Link roundup for 8 February 2012

Thursday, February 09, 2012

Today's links are:

--- This National Geographic article on Astana, the new capital of Kazakhstan. While I assume I would still prefer Almaty for its larger size and better climate, if this happens then I would consider living in Astana for a time:

With the core of the capital near completion, Nazarbayev has ordered his architects to explore the possibility of building another huge tent that would shelter a climate-controlled "indoor city" of 15,000 people.
I've always thought controlling a city's climate makes sense, and doing so would not necessarily require a perfect 20C temperature every day. Massive forestation for windy cities is one easy example of how a climate can be moderated, and simply connecting more areas through underground tunnels is an easy way to 'paraterraform' parts of them. There are quite a few examples of subway stations that are connected by underground malls, for example.

--- If you speak Portuguese and want to test your knowledge of Spanish false cognates, see here:

--- The Bulgarian Wikipedia is having a "one new article a day" campaign from 1 to 15 March:
„1 нова статия“ — между 1 и 15 март 2012 г. ще се проведе инициативата „1 нова статия“. Целта на проекта е с общи усилия, в рамките на две седмици, Българската Уикипедия да се разшири значително. Начинът, по който това ще стане, е като всеки, който посети БГ Уикипедията между 1 и 15 март, напише по една нова статия. За повече информация и все още липсващи статии в Българската Уикипедия, посетете страницата на инициативата.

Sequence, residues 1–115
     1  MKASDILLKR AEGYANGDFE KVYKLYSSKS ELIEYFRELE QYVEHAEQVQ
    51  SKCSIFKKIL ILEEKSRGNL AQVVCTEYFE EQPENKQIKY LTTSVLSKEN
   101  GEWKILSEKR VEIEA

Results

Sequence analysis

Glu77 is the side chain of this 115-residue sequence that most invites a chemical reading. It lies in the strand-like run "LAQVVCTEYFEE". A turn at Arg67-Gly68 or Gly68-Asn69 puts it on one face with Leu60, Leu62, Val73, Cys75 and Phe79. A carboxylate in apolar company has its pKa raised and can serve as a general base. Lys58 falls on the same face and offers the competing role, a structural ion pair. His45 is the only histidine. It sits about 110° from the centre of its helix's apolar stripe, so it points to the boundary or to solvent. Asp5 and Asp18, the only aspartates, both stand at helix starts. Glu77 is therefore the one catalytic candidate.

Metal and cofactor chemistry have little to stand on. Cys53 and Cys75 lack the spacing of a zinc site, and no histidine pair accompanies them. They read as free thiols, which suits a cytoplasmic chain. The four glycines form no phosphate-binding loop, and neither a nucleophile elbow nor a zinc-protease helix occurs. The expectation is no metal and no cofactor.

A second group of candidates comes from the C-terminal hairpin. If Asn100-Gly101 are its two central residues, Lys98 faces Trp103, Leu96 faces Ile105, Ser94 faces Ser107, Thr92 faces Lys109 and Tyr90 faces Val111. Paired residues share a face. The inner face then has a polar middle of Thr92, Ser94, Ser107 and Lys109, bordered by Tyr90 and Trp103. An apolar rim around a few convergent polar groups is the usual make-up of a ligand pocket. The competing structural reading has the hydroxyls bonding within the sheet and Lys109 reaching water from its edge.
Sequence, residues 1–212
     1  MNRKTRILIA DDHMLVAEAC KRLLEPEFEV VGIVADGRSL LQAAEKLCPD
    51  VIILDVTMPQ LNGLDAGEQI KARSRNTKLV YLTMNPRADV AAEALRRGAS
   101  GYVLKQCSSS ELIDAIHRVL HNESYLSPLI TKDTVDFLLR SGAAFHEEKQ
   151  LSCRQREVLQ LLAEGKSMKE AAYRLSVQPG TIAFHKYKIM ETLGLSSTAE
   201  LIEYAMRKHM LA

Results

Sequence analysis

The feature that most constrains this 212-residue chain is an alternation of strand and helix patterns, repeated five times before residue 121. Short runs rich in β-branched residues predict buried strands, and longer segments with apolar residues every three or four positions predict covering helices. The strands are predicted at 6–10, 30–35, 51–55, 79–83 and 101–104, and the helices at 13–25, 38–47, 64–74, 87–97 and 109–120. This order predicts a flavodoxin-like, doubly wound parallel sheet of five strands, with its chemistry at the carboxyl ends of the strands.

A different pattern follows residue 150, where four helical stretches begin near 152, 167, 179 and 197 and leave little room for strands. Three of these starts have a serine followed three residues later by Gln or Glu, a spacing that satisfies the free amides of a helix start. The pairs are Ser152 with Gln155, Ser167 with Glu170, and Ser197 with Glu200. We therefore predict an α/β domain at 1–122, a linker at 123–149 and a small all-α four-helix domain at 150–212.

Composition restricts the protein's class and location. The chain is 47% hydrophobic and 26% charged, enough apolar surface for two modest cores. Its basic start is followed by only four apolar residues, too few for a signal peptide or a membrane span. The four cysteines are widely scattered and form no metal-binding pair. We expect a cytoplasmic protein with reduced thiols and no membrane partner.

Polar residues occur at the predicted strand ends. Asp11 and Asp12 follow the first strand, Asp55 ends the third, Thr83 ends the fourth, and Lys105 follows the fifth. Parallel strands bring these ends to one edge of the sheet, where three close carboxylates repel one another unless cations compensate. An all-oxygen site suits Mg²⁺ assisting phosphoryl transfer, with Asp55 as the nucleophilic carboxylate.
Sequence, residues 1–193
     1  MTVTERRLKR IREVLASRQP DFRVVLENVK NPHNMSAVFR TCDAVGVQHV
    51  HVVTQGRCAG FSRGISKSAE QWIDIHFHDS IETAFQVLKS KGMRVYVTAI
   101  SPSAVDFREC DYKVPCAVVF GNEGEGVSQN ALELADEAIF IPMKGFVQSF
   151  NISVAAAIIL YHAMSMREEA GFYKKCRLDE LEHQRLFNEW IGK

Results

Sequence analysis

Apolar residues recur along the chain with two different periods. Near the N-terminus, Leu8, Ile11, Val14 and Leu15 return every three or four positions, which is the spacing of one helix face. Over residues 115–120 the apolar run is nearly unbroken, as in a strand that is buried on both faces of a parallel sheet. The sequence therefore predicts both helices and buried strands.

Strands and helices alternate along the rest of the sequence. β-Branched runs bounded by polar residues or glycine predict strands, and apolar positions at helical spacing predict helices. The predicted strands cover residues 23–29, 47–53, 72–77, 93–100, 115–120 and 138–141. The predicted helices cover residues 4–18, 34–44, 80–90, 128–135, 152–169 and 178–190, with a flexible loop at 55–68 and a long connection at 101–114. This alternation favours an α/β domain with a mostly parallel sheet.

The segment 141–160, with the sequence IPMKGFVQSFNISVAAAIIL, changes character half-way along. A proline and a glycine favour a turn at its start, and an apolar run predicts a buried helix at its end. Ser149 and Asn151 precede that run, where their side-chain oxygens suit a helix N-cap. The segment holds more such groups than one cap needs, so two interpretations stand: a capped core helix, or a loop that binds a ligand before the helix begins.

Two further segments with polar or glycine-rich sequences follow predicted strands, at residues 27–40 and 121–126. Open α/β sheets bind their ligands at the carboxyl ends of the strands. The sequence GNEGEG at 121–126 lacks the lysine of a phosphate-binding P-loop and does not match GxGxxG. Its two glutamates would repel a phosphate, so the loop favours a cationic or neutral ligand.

The gist of the campaign is this: if you visit the Bulgarian Wikipedia between those dates, please write a new page. The current number of articles is 126,000+, and shouldn't be too different in three weeks.

--- Barack Obama is returning $200,000 of campaign donations, a practice that, while well-intentioned, I wish politicians of all stripes would do away with. Passively receiving donations and soliciting donations are two different things, and a politician who campaigns on Position A should not be made to feel that they have to return donations from anyone who believes in Position B, has committed a crime, or anything else. Once money has switched hands it is the person who receives the donation who may now use it as he or she sees fit. If a politician does not believe in the views of someone they have received a donation from, why give it back so that they can make use of it again? Keep it and use it for good.

--- Vladimir Putin wrote an editorial for the Washington Post today about democracy.

--- Quebec solidaire sees French as a central priority, but not their primary one.


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